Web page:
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robert.snell1@ntlworld.com

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GEORGE CRIBB

Born two years after his older brother Tom, in 1783 at Hanham, Bristol, George Cribb was unfortunately always in the shadow of Tom, the recognised Champion of England from 1807-1822 and two others of his own middleweight division, Tom Belcher and Dutch Sam, with all three going on to great success roughly around the same time of George entering the prize ring.

George Cribb weighed around 154lbs and stood around 5’ 9” and has the dubious recorded ring career of losing all his fights, although one or two record books state that he was recognised as the leading middleweight contender! This may be because he fought some of the better middleweight claimants of the day with courage and a certain amount of skill, although Tom Belcher and Dutch Sam disposed of some of these claimants, with Belcher being recognised as the champion from 1805-1813, although Dutch Sam beat him twice in 1807, he did not lay claim to the title.

George’s first recorded fight was against the heavier George Horton, at Sea Mills, Bristol in 1807 and losing a 50 guinea purse over 15 rounds. Cribb fought bravely against the two handed local butcher, although both were slow, ponderous sluggers. His next fight was in 1808 against Dan Dogherty at Highgate Common, London, where the superior Dogherty won easily for a subscription purse over 20 rounds.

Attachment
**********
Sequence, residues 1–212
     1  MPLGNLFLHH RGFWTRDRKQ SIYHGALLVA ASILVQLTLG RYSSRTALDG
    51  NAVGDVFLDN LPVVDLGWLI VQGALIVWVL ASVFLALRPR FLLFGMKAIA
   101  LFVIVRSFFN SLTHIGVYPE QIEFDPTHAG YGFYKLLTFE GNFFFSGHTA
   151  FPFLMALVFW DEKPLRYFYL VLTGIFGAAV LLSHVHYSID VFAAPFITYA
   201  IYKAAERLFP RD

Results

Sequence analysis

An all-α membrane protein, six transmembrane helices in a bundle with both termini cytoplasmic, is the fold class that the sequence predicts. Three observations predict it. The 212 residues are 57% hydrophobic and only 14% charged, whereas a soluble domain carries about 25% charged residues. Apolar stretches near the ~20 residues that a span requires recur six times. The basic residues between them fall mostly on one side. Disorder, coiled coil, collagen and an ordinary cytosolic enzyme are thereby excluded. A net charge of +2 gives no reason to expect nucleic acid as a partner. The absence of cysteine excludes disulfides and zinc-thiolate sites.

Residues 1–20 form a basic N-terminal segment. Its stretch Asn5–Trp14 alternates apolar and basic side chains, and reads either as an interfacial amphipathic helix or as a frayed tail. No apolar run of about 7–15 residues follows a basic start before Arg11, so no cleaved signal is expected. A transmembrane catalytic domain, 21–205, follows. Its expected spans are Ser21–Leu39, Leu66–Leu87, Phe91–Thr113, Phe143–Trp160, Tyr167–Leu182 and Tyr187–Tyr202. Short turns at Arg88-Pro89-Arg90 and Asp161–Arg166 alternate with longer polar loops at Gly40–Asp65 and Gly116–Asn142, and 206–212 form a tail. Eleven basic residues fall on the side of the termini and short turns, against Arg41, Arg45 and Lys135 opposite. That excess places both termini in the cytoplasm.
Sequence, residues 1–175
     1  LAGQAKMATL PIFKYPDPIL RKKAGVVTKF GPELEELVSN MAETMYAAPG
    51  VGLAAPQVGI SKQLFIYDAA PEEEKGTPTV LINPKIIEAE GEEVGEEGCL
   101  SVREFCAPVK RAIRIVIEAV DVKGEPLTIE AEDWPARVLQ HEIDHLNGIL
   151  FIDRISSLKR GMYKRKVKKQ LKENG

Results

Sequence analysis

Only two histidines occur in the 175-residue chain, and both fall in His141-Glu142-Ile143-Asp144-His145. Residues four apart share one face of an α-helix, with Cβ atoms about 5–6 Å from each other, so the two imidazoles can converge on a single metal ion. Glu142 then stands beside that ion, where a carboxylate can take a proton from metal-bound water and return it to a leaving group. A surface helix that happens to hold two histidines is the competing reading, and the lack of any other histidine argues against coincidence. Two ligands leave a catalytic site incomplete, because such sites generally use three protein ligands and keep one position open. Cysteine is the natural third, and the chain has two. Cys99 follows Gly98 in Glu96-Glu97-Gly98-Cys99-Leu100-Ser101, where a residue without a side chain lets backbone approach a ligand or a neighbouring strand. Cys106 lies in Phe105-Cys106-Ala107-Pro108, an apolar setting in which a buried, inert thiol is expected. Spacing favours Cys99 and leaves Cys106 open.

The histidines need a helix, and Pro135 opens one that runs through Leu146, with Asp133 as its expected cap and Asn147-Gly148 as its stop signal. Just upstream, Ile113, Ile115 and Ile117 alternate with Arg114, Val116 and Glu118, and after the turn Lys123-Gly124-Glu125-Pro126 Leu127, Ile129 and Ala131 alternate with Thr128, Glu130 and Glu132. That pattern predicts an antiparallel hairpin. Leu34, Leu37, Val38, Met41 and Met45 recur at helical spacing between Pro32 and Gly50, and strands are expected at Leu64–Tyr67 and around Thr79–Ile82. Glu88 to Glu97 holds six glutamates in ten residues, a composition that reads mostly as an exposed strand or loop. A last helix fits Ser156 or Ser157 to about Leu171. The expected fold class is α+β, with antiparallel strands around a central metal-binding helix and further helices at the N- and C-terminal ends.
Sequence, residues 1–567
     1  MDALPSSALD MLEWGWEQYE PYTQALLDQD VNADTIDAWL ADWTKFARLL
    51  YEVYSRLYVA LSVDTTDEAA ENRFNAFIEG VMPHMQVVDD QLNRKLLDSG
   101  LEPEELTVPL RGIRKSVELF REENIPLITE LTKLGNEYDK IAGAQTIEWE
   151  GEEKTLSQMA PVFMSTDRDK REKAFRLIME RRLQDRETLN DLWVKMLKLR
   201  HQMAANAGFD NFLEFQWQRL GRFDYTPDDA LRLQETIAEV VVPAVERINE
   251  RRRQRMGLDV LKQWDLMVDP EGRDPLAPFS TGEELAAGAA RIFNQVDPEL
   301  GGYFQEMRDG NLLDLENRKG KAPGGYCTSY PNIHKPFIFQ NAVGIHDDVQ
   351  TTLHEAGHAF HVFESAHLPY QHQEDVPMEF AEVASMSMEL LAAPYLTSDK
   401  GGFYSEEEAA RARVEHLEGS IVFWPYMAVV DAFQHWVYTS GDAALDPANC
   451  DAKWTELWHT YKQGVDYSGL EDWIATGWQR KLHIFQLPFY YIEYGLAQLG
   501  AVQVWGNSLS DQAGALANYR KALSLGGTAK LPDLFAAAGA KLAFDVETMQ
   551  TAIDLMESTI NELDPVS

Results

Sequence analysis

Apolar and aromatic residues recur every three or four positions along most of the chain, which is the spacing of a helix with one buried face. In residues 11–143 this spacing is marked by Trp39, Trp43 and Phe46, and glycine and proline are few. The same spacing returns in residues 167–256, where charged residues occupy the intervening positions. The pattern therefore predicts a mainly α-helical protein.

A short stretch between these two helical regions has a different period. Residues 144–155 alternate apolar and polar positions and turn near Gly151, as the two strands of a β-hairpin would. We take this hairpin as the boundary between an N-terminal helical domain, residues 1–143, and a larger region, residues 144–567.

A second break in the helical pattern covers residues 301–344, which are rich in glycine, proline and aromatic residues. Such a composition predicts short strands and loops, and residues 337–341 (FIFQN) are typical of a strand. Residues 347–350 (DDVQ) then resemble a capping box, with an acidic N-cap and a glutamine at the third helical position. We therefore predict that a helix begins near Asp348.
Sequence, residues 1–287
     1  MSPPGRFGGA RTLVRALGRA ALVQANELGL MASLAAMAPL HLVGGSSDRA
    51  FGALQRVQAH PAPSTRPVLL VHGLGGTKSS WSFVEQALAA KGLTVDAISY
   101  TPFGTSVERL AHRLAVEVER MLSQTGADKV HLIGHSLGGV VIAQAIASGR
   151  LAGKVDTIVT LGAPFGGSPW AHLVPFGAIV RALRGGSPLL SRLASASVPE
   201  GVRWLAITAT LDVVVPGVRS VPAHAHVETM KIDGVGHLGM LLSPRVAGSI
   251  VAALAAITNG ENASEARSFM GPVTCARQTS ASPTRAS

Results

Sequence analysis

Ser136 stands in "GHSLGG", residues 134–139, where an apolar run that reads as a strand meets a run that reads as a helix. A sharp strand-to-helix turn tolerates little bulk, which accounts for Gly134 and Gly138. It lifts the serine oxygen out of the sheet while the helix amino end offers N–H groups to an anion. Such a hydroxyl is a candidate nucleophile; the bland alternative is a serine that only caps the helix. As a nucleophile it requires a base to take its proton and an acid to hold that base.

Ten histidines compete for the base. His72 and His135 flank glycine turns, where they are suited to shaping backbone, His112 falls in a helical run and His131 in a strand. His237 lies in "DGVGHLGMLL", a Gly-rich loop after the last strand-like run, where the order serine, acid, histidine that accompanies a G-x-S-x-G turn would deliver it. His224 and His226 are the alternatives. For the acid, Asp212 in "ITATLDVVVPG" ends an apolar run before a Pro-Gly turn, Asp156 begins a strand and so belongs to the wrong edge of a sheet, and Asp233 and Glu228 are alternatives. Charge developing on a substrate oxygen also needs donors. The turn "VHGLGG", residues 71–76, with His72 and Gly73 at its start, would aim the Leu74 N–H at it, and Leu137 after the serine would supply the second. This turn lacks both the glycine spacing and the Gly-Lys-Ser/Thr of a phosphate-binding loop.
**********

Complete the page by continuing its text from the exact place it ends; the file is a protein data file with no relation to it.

Over a year later in 1809 he came up against Bill Cropley for another subscription purse and in a fierce short battle at The Reculvers, Margate of 8 rounds lasting 16 minutes, the more scientific Cropley overcame Cribb, although Cribb was reported to be the better man for much of the contest. The unfortunate Cribb now faced Dan Dogherty again in an organised room fight at Bob’s Chop House, London in 1810, where a purse of 20 was raised by the guests and once again Dogherty defeated Cribb, this time over 27 rounds and taking in 56 minutes. Later that year he took on the well respected Dick Hall at Old Oak Common near Uxbridge for a 50 guinea purse, but again he was the loser in a closely fought fight up until about the 10th round when Cribb, now tiring, stretched it out to 41 rounds by constant bending of the knee, eventually giving in.

His last recorded fight was in 1811 against Ned Maltby at Thistleton Gap, Leics. after his brother’s second fight against Tom Molineaux and again he kept up his 100% record of losing when he was beaten over 13 rounds for a purse of 20.